Cartoons and Caricatures

Date:

By now we are all familiar with the cartoons commissioned and published by the Danish magazine Jllands – Posten which aroused such anger in the Muslim world and in Muslim communities worldwide.

Published at a time when Denmark is in the process of a debate over immigration the reaction to the cartoons seemed to exemplify the so called ‘clash of Civilisations’ between Islam and the West. In the red corner: a European magazine standing in the tradition of the Enlightenment and defending the right to free speech. And in the blue corner: backward superstitious Muslims, the beheaders of hostages and the oppressors of women. As the debate spread things seemed to become even more polarised. Dick Cheney took the opportunity to remind us of the dangers of Islamo-fascism, European consulates and embassies were attacked in the Middle East and radical Islamists took to the streets of London calling for non believers to be executed.

However just as the cartoons simplified and obscured the reality of Muslim attitudes, the media coverage caricatured and simplified the debate. The real world was much less black and white then the media portrayal. Jllands-Posten was eventually revealed not to be a brave defier of censorship but a source of anti immigrant rhetoric, whose owner had campaigned for Muslims to be expelled from Denmark and who had, in 2003, refused to publish cartoons depicting Christ on the grounds that they were offensive! The ‘defenders of free speech’ in Ireland – people like Kevin Myers and a collection of hacks from the Sunday Independent turned out to have no sense of either irony, history or their own hypocrisy. These same people were often the loudest and most strident supporters of the anti republican Section 31 censorship when it was in force in Ireland. They are also the most vocal cheerleaders of the various wars in Afghanistan, Iraq and potentially Iran… curious eh?

On the other side it emerged that hardline Danish imams had toured the cartoons around the Muslim world for months, and even added their own! They were welcomed by the religious right and Muslim governments. Undemocratic states in the Middle East used and encouraged the protests in an attempt to legitimise their dictatorial power. Questions began to be asked about how demonstrators managed to set fire to embassies in countries like Syria where anti government protestors are regularly arrested, tortured and ‘disappeared’. In a move which reminded us of ‘freedom fries’ the Iranian president declared that ‘Danish pastries’ were to be renamed ‘flowers of Mohammad’. Possibly he hoped that this shallow populist gesture would distract from the fact that his government was at that time engaged in a ferocious crackdown on striking bus drivers in Teheran. Setting up an illegal independent trade union and defying the paramilitary police oppression the struggle by the bus workers of Teheran shows that the Muslim world is not some homogenous block but that it does in fact contain a diversity of views.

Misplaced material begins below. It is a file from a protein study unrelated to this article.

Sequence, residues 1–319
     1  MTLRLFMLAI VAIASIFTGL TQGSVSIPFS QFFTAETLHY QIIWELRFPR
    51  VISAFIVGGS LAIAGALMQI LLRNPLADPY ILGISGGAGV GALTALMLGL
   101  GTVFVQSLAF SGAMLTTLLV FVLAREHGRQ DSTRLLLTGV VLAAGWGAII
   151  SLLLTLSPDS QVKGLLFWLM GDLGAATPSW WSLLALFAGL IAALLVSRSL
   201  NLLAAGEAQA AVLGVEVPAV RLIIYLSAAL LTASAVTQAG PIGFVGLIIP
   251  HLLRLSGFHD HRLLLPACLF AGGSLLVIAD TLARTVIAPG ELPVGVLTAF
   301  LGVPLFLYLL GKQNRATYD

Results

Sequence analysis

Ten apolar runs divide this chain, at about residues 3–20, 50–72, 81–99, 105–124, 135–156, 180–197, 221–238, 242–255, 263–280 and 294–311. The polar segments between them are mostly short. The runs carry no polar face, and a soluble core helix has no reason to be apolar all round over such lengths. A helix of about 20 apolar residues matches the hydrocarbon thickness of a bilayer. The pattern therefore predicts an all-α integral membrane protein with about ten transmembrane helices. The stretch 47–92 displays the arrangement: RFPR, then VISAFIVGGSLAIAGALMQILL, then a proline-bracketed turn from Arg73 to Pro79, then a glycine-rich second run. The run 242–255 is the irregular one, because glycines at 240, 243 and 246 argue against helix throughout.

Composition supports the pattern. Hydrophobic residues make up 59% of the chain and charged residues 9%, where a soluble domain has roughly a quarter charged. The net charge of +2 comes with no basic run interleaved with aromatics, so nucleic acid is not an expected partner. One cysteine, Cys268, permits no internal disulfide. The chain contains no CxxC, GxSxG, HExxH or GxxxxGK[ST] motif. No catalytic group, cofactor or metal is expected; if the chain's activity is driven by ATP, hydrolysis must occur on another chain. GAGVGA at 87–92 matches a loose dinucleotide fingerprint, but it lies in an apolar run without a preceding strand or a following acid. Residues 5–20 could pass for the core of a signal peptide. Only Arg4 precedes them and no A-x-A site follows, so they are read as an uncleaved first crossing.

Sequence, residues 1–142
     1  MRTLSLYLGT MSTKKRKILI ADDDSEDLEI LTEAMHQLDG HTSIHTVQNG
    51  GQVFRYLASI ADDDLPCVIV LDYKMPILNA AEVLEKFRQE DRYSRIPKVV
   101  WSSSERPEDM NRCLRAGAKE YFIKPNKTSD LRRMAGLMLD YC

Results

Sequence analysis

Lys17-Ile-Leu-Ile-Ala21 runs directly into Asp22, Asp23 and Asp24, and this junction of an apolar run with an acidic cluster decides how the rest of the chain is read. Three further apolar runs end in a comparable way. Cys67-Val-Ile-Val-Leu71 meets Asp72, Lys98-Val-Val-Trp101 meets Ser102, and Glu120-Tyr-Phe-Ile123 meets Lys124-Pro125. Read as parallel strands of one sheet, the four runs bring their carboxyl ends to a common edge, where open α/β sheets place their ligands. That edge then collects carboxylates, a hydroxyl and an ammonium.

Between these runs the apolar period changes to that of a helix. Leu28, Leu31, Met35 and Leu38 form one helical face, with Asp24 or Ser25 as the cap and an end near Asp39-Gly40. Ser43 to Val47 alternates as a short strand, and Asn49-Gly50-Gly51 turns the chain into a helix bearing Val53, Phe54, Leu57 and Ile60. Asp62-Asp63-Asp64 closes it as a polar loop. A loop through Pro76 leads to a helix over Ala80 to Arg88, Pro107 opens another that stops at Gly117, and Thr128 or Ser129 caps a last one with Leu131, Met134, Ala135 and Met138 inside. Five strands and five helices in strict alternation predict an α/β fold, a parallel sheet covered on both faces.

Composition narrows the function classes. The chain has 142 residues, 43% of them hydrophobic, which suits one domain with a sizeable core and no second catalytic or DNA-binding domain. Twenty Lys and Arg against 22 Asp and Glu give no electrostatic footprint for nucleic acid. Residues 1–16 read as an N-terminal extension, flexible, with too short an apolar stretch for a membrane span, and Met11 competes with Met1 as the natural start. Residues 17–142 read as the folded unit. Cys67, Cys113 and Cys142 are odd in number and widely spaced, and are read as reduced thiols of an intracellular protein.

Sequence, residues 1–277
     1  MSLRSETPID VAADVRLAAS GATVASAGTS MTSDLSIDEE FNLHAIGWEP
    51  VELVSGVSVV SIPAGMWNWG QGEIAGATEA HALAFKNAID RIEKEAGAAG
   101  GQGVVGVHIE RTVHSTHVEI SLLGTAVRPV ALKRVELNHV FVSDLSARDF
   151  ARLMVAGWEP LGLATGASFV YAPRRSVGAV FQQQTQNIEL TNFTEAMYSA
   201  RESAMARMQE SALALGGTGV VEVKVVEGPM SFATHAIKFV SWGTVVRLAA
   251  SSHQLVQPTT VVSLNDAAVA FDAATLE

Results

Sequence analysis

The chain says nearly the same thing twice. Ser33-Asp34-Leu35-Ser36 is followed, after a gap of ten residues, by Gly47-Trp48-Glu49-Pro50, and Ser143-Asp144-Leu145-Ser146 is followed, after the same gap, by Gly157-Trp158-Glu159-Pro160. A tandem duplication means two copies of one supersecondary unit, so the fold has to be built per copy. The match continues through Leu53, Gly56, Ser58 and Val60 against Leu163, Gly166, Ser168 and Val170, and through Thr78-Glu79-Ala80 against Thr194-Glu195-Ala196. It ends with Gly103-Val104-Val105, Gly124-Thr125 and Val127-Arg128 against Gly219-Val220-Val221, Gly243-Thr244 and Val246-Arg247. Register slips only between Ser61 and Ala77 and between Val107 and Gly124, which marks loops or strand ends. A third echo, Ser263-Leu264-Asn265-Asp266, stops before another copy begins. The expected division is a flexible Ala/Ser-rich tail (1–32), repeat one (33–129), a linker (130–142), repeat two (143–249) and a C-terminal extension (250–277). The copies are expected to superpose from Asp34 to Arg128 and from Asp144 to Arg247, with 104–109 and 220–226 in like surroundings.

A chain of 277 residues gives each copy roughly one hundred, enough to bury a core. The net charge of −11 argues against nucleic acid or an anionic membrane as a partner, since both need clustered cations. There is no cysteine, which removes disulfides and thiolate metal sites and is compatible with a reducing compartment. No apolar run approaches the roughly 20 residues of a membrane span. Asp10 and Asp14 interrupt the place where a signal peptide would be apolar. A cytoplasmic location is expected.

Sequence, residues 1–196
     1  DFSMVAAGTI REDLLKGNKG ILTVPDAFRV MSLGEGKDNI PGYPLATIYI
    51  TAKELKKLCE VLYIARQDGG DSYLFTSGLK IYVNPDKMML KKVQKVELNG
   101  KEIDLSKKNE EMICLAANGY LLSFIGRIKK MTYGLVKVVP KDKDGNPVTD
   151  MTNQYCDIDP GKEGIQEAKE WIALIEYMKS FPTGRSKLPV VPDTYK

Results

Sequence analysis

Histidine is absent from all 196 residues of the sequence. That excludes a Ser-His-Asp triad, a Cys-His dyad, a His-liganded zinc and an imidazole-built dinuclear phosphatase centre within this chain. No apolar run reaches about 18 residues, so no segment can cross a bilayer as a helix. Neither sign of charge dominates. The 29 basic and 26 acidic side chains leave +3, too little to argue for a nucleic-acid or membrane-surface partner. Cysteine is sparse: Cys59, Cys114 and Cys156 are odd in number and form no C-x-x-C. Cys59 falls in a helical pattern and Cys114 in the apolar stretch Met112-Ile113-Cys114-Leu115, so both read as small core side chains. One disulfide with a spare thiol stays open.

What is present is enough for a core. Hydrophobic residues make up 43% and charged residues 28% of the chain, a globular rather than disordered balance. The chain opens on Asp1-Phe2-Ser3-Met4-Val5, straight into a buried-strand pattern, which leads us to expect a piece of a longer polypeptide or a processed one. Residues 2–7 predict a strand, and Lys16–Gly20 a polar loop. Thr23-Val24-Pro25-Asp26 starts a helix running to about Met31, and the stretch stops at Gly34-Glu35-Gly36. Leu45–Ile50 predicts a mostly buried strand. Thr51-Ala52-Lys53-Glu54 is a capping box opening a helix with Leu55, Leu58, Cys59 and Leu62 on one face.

Not all the protests were orchestrated or whipped up by the religious right or state tyrants. The cartoons were racist and offensive – they stereotyped Muslims (and especially Arabs) as suicide bombers and lunatics. In the context of the ‘war on terror’ and the debates in Europe over Islam and immigration it’s not surprising that a community under attack took offence to something which would have been better ignored.

However we should also be clear that religious ideas, like any others, are fair game for critique, criticism and attack. In Ireland we have fought and are still fighting against the religious right for basic freedoms such as divorce, birth control, the acceptance of homosexuality and the provision of abortion. These are things we demand, and it doesn’t matter whether or not they conflict with anyone’s religious beliefs.


From Workers Solidarity 91, March/April 2006
PDF file online at http://www.wsm.ie/sites/default/files/ws91.pdf

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